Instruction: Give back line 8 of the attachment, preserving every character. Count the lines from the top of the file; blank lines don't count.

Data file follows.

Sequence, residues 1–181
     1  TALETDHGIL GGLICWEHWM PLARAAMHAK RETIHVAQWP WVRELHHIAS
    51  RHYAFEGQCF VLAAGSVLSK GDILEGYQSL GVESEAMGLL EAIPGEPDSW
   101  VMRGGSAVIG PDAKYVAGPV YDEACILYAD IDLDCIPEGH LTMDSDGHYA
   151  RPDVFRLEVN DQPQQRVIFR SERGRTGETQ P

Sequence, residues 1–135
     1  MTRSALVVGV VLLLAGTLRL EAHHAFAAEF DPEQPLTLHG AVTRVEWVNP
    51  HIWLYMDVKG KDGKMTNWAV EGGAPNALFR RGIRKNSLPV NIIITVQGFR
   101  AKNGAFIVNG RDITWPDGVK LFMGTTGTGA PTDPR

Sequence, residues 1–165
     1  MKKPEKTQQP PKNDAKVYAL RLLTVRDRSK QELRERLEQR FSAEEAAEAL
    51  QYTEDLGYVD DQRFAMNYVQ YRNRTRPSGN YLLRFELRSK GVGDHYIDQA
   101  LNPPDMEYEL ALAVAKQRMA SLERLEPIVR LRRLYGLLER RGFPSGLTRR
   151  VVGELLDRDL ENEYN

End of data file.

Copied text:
    51  HIWLYMDVKG KDGKMTNWAV EGGAPNALFR RGIRKNSLPV NIIITVQGFR